Re-engineering the Food System for Better Health

Posted on November 22, 2009  Comments (6)

Good food nation

According to the Centers for Disease Control, between 1980 and 2006 the percentage of obese teenagers in the United States grew from 5 to 18, while the percentage of pre-teens suffering from obesity increased from 7 to 17.

Obesity is widespread due to our national-scale system of food production and distribution, which surrounds children – especially lower-income children – with high-calorie products…
90 percent of American food is processed – according to the United States Department of Agriculture – meaning it has been mixed with ingredients, often acting as preservatives, that can make food fattening.

Now, in another report finished this October after meetings with food-industry leaders, the MIT and Columbia researchers propose a solution: America should increase its regional food consumption.

Only 1 to 2 percent of all food consumed in the United States today is locally produced. But the MIT and Columbia team, which includes urban planners and architects, believes widespread adoption of some modest projects could change that, by increasing regional food production and distribution.

To help production, the group advocates widespread adoption of small-scale innovations such as “lawn to farm” conversions in urban and suburban areas, and the “10 x 10 project,” an effort to develop vegetable plots in schools and community centers. Lawns require more equipment, labor and fuel than industrial farming nationwide, yet produce no goods. But many vegetables, including lettuce, cucumbers and peppers, can be grown efficiently in small plots.

As Albright sees it, the effort to produce healthier foods “fits right in with the health-care reform effort right now because chronic diseases are so costly for the nation.” America currently spends $14 billion annually treating childhood obesity, and $147 billion treating all forms of obesity.

Good stuff. We need to improve health in the USA. The current system is unhealthy and needs to be improved. The public good from improving the health of society is huge (both in terms of individual happiness and economic benefits).

Related: Rethinking the Food Production SystemStudy Finds Obesity as Teen as Deadly as SmokingEat food. Not too much. Mostly plants.Active Amish Avoid ObesityObesity Epidemic ExplainedAnother Strike Against Cola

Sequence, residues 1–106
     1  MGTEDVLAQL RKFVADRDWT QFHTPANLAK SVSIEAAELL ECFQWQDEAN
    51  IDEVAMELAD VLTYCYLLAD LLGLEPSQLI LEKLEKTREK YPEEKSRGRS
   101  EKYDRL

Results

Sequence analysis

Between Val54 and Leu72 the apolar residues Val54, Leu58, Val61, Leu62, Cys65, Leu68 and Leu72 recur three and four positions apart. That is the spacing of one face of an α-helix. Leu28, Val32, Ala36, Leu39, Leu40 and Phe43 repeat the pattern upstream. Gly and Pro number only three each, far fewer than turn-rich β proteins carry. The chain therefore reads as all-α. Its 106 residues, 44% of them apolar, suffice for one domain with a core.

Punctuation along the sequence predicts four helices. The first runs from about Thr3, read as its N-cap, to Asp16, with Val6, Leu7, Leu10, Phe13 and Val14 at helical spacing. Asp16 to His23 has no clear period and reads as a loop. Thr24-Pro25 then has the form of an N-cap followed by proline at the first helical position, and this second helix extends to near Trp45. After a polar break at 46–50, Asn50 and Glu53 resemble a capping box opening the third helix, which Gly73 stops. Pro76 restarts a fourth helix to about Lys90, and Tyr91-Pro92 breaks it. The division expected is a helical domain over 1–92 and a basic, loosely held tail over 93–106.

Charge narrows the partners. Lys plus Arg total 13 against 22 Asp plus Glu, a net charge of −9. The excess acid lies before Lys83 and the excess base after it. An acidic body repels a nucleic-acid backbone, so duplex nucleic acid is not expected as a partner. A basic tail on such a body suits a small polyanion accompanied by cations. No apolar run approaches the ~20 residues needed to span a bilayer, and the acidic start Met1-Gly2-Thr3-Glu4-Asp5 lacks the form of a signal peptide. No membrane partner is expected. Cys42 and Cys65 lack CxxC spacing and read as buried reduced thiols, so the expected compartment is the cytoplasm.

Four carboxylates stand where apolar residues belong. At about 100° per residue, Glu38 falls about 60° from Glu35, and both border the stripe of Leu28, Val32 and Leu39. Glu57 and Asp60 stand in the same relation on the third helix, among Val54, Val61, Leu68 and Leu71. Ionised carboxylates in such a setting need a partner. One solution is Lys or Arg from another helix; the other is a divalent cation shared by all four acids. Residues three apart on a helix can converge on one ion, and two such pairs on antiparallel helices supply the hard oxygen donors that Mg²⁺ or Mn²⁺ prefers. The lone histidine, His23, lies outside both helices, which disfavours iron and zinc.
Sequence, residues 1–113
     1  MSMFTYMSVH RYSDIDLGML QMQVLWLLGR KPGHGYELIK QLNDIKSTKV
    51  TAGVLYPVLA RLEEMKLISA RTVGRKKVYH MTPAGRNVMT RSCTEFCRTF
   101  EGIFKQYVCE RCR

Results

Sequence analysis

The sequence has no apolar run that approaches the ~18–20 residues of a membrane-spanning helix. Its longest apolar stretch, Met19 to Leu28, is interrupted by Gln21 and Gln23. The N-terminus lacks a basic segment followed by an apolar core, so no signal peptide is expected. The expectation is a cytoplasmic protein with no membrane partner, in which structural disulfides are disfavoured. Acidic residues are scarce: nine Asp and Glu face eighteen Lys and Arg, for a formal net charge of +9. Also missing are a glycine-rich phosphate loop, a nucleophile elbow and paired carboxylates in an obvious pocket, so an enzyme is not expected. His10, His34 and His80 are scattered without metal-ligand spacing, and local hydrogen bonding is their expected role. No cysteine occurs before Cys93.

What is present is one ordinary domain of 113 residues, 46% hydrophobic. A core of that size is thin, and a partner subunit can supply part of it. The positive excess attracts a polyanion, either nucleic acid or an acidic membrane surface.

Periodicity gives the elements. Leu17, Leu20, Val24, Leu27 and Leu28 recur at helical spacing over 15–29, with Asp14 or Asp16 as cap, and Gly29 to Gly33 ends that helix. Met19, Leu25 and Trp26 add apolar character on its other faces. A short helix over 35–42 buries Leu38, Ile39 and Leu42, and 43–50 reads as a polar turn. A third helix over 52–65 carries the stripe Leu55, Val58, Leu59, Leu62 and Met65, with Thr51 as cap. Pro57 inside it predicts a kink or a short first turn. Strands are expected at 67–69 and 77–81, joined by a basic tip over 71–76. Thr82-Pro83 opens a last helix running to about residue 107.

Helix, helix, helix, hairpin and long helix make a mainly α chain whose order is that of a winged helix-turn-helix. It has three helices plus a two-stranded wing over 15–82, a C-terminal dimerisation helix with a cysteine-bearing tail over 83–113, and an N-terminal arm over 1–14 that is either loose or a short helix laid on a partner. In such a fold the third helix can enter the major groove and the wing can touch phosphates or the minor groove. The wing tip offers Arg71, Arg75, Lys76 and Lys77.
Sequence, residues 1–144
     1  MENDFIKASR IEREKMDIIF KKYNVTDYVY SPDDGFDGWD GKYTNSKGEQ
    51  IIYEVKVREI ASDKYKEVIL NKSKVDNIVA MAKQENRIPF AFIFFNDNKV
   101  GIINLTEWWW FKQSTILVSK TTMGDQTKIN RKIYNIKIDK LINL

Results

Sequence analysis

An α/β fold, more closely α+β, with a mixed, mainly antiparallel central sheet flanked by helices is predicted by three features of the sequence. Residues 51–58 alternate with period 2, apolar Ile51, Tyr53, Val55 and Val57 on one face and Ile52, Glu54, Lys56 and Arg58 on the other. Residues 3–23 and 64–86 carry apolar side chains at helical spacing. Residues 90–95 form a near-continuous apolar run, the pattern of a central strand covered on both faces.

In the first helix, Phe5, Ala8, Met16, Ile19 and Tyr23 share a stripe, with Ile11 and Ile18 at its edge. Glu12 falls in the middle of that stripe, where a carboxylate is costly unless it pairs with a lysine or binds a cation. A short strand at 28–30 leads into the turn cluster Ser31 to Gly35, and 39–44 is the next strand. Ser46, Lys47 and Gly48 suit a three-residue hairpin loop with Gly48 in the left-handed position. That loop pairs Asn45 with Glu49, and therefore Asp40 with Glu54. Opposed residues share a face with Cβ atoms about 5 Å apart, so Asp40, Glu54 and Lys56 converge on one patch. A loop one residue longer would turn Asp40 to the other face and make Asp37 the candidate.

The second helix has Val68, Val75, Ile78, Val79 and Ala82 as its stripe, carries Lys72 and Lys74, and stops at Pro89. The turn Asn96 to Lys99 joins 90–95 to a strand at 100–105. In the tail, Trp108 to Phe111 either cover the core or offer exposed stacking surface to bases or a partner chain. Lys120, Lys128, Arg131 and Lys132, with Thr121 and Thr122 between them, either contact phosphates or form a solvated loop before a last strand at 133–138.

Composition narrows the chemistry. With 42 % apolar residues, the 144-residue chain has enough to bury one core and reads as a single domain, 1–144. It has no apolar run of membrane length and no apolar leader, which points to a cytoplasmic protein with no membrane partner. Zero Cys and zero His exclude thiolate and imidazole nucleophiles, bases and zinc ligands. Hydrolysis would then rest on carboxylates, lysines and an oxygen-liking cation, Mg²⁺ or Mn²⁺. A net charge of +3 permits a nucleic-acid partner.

6 Responses to “Re-engineering the Food System for Better Health”

  1. Jeremy
    November 24th, 2009 @ 6:27 pm

    The regional food consumption idea is a good one, but it is just a start. The bigger problem is lack of education regarding the matter. People perceive obesity as just a physical appearance problem. As there becomes more obese kids around, it becomes more accepted to look that way. Few people are stopping to think of the health consequences. Kids and parents need to be taught the importance of eating healthy. Then both sides can make healthier decisions regarding what they eat. Of course schools should be doing their part by offering healthy food options whenever possible.

  2. Bermet
    December 3rd, 2009 @ 5:24 pm

    Food is very important thing of every people.
    I want to recommend you a documentary movie “Food Inc.”
    There are a lot of information about what we eating.

  3. chris
    July 30th, 2010 @ 7:49 am

    I agree with you. It seems that kids are getting bigger faster and probaly for those same reasons. I was also curios if you had done any studies into this……kids now days seems look older at a younger age than in the previous decades. I was wondering if the items they put into the food would have anything to contribute to this finding? Also what would that do for them at an elder age say 60 to 70 years old?

  4. Anonymous
    September 30th, 2010 @ 1:27 am

    Although it’s true that only 1 to 2 percent of all food consumed in the United States today is locally produced. We should also pay attention to the junk foods. People in around the world, especially children already get used to eat them. It looks like that people who don’t eat them seem to be unnatural/weird. We have to admit it that it’s hard to avoid them.

    Everything(diseases and health) starts from what we eat. I’m agree that organic food is necessary.

  5. Anonymous
    May 22nd, 2011 @ 2:17 pm

    I think a large part of the problem is education. Literally everyone I know eats more junk than health food. They even know they are but still don’t eat healthy food. People need to take more responsibility for their actions as well. Another problem is the economy. Healthier foods are double and even triple the price and a lot of people are out of work. They need cost efficient alternatives to the junk foods

  6. Tom
    August 29th, 2011 @ 9:54 am

    Any effort to produce manufactured food on a massive scale is always going to run the risk of having to resort to a lowest common quality denominator. Quality is a moving feast, and dependent upon both the level of expectation and the value being placed on it. Consumers make choices with their food spend, and as we begin to buy more of the ‘better’ stuff, it’ll start to appear on more shelves. Just my little tuppence!

Leave a Reply